WHAT’S IT ABOUT?
In the late 1950s, a young Jacques Mesrine (Vincent Cassel), was serving with the French army in Algeria. There, he developed – if not a taste for – an immunity to violence.
After being discharged from the army in disgrace, he returns home, where his Dad has secured a job for him in a local lace factory, but this is not the job for him.
His best friend Paul (Gilles Lellouche) has been earning some cash doing odd jobs for the local gang boss Guido (Gérard Depardieu) and gets Jacques onto the payroll.
On a trip to Spain, Jacques shows his charming side long enough to hook up with the beautiful Sofia (Elena Anaya), who accompanies him back to France and bears his children.
But he can’t – or won’t – keep his violent streak under control, and before long, he’s beating Sofia and popping rival gangsters with impunity – impunity largely because he skips the country, fleeing French justice to Canada.
There, he finds himself a new partner in crime, Sarah (Florence Thomassin) – after a bold kidnapping, the pair become known as a modern-day “Bonnie and Clyde” – and soon find themselves behind bars.
But as he always has done, Jacques Mesrine, refuses to let authority keep him down, breaking out of one of Canada’s most secure prisons and becoming the francophone “Public Enemy Number One.”
WHAT’S IT LIKE?
This is the real-life story of the eponymous French gangster – or at least half of it.
Frustratingly, this is part one of a two-part biopic, released tantalisingly just three weeks before its conclusion – a conclusion which appears to be foreshadowed in the opening scene of part one.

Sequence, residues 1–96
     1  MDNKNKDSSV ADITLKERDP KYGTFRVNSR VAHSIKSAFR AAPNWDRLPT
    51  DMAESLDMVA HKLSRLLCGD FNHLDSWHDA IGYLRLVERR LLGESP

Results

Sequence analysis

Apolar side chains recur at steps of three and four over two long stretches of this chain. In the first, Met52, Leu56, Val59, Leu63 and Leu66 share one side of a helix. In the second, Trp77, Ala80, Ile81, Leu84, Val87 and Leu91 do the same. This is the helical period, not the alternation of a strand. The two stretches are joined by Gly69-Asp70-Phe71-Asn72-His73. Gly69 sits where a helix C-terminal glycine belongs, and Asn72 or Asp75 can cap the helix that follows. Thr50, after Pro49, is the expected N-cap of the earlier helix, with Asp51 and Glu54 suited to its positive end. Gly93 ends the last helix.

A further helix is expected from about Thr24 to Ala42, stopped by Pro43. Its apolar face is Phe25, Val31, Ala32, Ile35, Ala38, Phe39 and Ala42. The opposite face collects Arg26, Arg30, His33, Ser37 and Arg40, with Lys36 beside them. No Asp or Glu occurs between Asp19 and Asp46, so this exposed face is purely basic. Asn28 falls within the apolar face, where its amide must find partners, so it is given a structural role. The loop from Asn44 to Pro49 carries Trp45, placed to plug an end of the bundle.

Cassel’s portrayal of a ruthless gangster, whose killer instinct has remained with him since his days in the army, is a masterstroke – evil as he is, we still root for him.
It’s fascinating to see the ageing, bloated Depardieu turn up as the Godfather of the Parisian underworld, delivering a satisfyingly overblown performance.
The other cast acquit themselves perfectly well, but serve largely as wallpaper for Mesrine’s adventures.
The film doesn’t hold its punches – the distributors are lucky to have managed to get a 15 certificate for such an unremittingly violent film about gangsters who revel in their brutality and show not a flicker of remorse.
As with many-a-familiar gangster film, this charts the rise of the nobody to gang boss, but giving him few redeeming factors (it’s based on real life, after all), there’s little of the character arc which allows us to identify with the protagonist – and each time he starts to earn our affection, he spits blood back in our face.
His monumental rise is a little too simply drawn, but it’s none the less chilling, as we watch one of the small guys finally find his purpose in life, build up his reputation as a gangster and climb to the top of the criminal underworld.
But just when you’re getting in the swing of the Canadian stage of the story, it grinds to a cheekily sudden stop, throwing out captions telling us what happened to each of the characters we’ve been following except one – the Public Enemy Number One himself.
With Kill Bill, I resented the fact that they made us pay twice to see what was essentially a single film. With this, you’ll be counting your lucky stars that you have only three weeks to wait to see the next instalment.